Friday, September 23, 2005

Reflection Paper: Marx's Legacy

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A philosopher like Karl Marx certainly has a mixed legacy.  Machiavelli has endured a reputation for being a unethical philosopher.  However, more people have died as a result of Karl Marx’s philosophy then as a result of Machiavelli.  Between Stalin, Pol Pot, and Mao, Marxism perhaps has killed more people than any other philosophy (and those are just the more notorious examples).
Of course it is ludicrous to blame this on Karl Marx.  By the same logic, Jesus would be responsible for the Spanish Inquisition, or the witch trials, or any of the other atrocities committed in his name.  And clearly official communism was a far cry from what Karl Marx actually intended.
So what went wrong?  This question has been debated by philosophers and historians for a long time, and I will not try and tackle such a big question in such a small journal entry.  Besides, if I did I would simply be repeating what I have heard others say.  I don’t think I have anything new and fresh to bring to the discussion.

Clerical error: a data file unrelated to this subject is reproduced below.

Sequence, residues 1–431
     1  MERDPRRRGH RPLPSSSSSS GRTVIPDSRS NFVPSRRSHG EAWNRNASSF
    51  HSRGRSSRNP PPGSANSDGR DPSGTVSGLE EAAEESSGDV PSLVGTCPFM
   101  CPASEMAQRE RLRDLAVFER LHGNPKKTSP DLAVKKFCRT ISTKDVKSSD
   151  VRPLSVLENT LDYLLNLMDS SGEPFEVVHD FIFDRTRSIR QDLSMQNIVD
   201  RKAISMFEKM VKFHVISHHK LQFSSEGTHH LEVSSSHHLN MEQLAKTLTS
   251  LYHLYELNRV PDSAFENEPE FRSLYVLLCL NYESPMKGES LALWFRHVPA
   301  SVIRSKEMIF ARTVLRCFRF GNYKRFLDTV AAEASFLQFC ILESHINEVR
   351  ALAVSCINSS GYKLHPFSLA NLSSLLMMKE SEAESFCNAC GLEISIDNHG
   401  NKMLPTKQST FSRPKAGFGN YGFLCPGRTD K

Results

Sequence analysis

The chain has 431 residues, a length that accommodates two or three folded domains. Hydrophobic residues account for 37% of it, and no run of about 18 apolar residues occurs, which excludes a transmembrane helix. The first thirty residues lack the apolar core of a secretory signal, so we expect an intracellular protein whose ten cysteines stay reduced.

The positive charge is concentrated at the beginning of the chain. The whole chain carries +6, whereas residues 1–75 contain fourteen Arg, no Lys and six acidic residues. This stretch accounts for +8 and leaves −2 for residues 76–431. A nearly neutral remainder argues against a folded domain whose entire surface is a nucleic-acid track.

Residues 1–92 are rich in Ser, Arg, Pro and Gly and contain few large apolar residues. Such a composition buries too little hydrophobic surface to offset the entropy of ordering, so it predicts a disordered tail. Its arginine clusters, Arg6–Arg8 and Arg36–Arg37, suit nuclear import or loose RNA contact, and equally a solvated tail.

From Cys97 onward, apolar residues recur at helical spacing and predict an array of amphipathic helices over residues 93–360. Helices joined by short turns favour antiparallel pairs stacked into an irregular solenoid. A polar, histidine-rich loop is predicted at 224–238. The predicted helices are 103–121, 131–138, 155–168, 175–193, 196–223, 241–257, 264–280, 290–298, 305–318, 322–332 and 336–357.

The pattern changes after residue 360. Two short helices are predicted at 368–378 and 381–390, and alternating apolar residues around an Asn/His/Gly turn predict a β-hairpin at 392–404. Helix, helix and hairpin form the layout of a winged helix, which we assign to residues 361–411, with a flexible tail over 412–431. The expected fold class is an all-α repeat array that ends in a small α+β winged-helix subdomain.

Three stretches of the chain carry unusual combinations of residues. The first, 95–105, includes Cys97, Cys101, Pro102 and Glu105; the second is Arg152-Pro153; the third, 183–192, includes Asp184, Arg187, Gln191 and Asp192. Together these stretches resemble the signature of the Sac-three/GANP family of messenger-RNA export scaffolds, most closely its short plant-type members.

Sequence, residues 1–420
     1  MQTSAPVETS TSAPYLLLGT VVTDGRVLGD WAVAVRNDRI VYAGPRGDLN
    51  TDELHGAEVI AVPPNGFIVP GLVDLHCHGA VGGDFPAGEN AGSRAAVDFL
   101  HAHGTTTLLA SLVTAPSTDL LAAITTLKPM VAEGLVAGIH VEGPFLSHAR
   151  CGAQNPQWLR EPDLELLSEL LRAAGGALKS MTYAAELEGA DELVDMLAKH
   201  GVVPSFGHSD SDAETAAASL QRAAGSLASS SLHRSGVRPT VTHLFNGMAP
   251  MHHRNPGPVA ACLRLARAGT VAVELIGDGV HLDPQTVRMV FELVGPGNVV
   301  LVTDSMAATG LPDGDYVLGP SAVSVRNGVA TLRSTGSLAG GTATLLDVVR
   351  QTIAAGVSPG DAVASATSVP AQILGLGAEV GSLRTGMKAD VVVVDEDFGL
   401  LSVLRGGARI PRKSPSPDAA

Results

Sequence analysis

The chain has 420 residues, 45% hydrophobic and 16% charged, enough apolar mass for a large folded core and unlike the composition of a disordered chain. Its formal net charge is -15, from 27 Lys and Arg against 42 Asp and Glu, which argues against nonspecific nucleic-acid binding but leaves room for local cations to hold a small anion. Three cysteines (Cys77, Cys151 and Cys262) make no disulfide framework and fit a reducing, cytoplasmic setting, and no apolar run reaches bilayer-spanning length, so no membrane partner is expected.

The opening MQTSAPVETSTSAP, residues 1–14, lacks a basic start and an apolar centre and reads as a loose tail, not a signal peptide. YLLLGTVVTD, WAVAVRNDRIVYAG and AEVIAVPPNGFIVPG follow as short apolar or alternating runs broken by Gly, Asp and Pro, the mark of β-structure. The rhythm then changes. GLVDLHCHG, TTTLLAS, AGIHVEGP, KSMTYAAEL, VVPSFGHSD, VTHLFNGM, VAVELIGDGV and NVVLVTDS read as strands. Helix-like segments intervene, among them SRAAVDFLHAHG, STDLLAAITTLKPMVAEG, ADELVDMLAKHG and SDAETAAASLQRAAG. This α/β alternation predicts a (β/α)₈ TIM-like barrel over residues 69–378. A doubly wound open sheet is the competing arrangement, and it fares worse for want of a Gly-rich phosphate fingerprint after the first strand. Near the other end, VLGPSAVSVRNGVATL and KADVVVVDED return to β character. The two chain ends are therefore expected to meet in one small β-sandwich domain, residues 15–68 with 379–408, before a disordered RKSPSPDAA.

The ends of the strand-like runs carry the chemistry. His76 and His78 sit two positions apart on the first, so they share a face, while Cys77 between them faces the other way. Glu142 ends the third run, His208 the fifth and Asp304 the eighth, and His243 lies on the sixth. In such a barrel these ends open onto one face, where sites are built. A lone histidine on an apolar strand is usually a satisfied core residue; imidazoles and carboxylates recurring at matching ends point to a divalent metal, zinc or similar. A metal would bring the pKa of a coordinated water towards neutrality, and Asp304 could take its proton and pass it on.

I guess my main comment is that it is hard to disassociate Karl Marx from his legacy.  It is really too bad because his genuine concern for the poor and humanitarian concerns may be forever overshadowed by the evil done in his name.
In a way it is kind of ironic.  Karl Marx mentioned at one point that he believed ideas are not important, but the material reality is.  Idealism is just a cover to disguise the material reality.  This seems to have played out in his own ideas.

Official communists, followers of Marx, claimed to be following ideas.  However many of them (especially near the end), were actually just using the ideology as a way to better themselves materially.

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